• August 31, 2015

Yosemite in Blue: An Antique Process Unlocks an Artist’s Vision

Becky Harlan

Standing in front of photographer Binh Danh’s daguerreotype of Yosemite Falls, on display at the National Gallery of Art in Washington, D.C., I saw myself staring back through the image.

If you look at a daguerreotype in person (unfortunately you can’t tell on a screen), you can see your reflection in the silver plate. At first I tried to move off to the side to get an unobstructed view, until I realized that being confronted with my reflection might be part of the experience. It turns out that this is exactly what Danh had in mind. “Conceptually, I hope one contemplates the land in relationship to one’s body and even identity.”

Daguerreotype of a reflection in the Merced River in Yosemite Valley
Reflection in the Merced River

As a child, Danh would pore over “magical and mysterious” photos of Yosemite. But as an adult, they paralyzed him. “Those photographs kept me away from visiting the park,” he says. “It seemed all views of Yosemite had been taken and there was no more that I could say about it.”

Daguerreotype of a Sugar Pine Tree, Yosemite, California
Sugar Pine Tree, Yosemite, California

Danh’s family left Vietnam when he was a child, relocating to San Jose, California, which is only a four-hour drive from Yosemite. At that time, though, the park felt like it existed in a different universe. “My parents wouldn’t know how to get there, and if they did want to go, closing our TV repair shop for a day was out of the question. I was left,” he says, “to only visiting Yosemite in photographs.”

Daguerreotype of Yosemite Falls, California
Yosemite Falls
daguerreotype of El Capitán, a vertical rock formation in Yosemite National Park
El Capitán

That all changed when Danh decided to learn a new photographic process, one of the first ever invented: the daguerreotype. Historically, they were mostly used to capture portraits of loved ones on a handheld scale, but Danh realized he could push the boundaries of that small scale to take in new kinds of views. “I realized that there was a whole genre of photography to explore with this medium: landscape photography.” He finally had the angle he needed to take on Yosemite.

Daguerreotype of an overhanging rock at Glacier Point in Yosemite
Overhanging Rock, Glacier Point

One of the first things you’ll notice about these images is that they’re kind of blue. But they’re not hand-colored or toned post-process. Daguerreotypes are naturally sensitive to blue and ultraviolet light, meaning the brightest spots, like the sky or a waterfall, take on a blue tint when overexposed.

daguerreotype of cathedral rock and cathedral spires
Cathedral Rocks and Cathedral Spires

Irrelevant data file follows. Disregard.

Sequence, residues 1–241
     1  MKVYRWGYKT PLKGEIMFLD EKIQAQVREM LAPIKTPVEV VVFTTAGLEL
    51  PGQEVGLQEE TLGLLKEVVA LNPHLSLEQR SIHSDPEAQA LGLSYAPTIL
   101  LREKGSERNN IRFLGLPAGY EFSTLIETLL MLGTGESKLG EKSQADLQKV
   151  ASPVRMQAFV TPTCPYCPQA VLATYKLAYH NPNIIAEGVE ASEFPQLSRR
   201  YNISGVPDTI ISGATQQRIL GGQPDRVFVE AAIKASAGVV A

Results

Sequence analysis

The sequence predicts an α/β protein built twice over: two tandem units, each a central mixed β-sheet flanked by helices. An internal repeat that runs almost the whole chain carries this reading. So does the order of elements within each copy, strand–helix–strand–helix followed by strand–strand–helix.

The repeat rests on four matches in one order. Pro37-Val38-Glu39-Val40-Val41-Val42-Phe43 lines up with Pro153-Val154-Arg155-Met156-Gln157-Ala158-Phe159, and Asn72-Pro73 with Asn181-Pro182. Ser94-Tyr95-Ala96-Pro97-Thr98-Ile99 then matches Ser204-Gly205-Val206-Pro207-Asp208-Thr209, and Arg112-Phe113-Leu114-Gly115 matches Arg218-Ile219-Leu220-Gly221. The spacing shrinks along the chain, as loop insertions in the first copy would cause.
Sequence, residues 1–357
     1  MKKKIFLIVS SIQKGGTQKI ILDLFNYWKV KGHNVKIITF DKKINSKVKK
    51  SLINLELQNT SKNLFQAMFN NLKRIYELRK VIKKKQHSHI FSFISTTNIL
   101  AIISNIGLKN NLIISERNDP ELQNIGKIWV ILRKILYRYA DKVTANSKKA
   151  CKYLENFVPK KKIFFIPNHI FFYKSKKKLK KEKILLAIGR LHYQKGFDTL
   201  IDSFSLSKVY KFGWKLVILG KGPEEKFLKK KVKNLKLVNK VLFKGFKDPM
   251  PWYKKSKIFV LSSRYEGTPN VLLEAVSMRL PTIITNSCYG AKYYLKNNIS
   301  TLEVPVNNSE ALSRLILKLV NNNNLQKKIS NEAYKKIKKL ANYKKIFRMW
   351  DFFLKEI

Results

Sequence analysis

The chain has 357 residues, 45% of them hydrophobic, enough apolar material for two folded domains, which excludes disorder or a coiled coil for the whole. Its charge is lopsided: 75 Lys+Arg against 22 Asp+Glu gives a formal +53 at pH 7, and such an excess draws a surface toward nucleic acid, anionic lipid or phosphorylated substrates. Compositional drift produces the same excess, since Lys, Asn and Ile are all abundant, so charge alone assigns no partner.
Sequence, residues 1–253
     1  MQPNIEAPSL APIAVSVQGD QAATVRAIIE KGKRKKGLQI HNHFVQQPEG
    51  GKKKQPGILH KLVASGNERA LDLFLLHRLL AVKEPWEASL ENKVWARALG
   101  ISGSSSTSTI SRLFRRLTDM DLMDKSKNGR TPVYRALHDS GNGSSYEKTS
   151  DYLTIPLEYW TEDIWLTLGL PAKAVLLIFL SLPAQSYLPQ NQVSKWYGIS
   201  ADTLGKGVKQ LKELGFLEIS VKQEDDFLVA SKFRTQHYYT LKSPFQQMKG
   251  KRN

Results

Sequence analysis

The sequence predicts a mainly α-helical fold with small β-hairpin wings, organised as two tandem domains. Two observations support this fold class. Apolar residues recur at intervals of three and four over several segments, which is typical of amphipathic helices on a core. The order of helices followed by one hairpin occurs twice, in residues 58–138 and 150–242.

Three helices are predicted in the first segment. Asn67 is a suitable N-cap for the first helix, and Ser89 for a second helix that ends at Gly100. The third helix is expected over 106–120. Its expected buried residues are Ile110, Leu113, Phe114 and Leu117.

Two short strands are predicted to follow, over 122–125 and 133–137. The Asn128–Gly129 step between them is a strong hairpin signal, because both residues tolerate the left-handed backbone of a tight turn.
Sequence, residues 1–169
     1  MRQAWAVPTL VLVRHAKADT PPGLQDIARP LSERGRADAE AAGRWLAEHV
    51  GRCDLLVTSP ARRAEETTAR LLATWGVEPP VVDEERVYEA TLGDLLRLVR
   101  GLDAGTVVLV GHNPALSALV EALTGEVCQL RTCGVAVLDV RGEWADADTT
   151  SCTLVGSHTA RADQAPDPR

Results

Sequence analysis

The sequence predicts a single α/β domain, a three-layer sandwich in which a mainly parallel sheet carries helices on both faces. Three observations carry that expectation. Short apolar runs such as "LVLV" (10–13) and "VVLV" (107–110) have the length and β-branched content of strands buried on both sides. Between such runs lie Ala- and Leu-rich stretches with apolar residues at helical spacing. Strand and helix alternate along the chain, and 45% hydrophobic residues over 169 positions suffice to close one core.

Danh spent his whole life in the shadow of a black-and-white Bridalveil Falls, as pictured by iconic photographers like Carleton Watkins and Ansel Adams. By adopting a new-to-him historic process, he unlocked a visual language to reimagine an iconic American symbol. A language that creates space for the awestruck, the curious, or even just the passerby to find themselves in the landscape.

[Read about Carleton Watkins’s iconic images of Yosemite on Proof.]

Daguerreotype of Bridalveil Fall, Yosemite, California
Bridalveil Fall

Danh’s family history of migration continues to impact his work as an artist; it’s part of what fascinated him about the parks to begin with. “This quote by Carl Pope from the Ken Burns’ PBS series The National Parks: America’s Best Idea sums up my feeling of the Yosemite series,” he says:

“My sense is that our special connection with the national parks comes from the fact that we’re a nation of immigrants. We’re a nation of people for whom this is not our home, and the national parks are what anchor and root us on this continent. They are the meaning of home for many of us. They’re what it means to be an American, to inhabit this continent. It’s at the end of the immigrant experience, and they’re what take you and say, ‘Now I am an American.’”

Binh Danh’s daguerreotypes are on view at the National Gallery of Art in Washington, D.C., as part of the exhibition “The Memory of Time,” from May 3 to September 13, 2015.

See more of Binh Danh’s work on his website.

There are 33 Comments. Add Yours.

  1. Shannon
    April 8, 2016

    I find these images to be very well done and dramatically beautiful. Most of us who have studied historical processes would have known that Daguerreotypes create mirror images of the object photographed, but yes probably would not of been a bad idea to include that in the article. That being said, I do not think that takes away from the beauty of these images nor the keen eye and wonderful technique of Bihn Dahn’s work here, I think it just makes us as the viewer take a closer look at what his eyes were trying to capture. This is a very well done project and very much reminds me of what Jerry Spagnoli was trying to accomplish with his work.

  2. Jack Lavelle
    October 7, 2015

    (I tried to comment but I think I missed the robot box, so here goes again)

    These are dramatic images; they convey the sheer, mysterious and fatal beauty of the sharp cliffs and long waterfalls.